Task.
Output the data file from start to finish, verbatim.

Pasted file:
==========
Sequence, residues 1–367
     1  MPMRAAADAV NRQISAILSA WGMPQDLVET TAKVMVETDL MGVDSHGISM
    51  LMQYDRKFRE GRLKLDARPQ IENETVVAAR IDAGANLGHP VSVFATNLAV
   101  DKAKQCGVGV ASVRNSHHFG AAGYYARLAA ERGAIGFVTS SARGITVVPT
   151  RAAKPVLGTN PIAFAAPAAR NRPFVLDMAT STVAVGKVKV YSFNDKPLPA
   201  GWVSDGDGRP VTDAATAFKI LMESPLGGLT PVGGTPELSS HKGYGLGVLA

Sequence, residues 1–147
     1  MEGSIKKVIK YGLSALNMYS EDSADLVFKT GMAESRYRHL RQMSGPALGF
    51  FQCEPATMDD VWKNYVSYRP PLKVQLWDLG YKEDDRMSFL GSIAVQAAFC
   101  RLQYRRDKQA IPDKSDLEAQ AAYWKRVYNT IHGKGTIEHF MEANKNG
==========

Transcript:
Sequence, residues 1–367
     1  MPMRAAADAV NRQISAILSA WGMPQDLVET TAKVMVETDL MGVDSHGISM
    51  LMQYDRKFRE GRLKLDARPQ IENETVVAAR IDAGANLGHP VSVFATNLAV
   101  DKAKQCGVGV ASVRNSHHFG AAGYYARLAA ERGAIGFVTS SARGITVVPT
   151  RAAKPVLGTN PIAFAAPAAR NRPFVLDMAT STVAVGKVKV YSFNDKPLPA
   201  GWVSDGDGRP VTDAATAFKI LMESPLGGLT PVGGTPELSS HKGYGLGVLA

Sequence, residues 1–147
     1  MEGSIKKVIK YGLSALNMYS EDSADLVFKT GMAESRYRHL RQMSGPALGF
    51  FQCEPATMDD VWKNYVSYRP PLKVQLWDLG YKEDDRMSFL GSIAVQAAFC
   101  RLQYRRDKQA IPDKSDLEAQ AAYWKRVYNT IHGKGTIEHF MEANKNG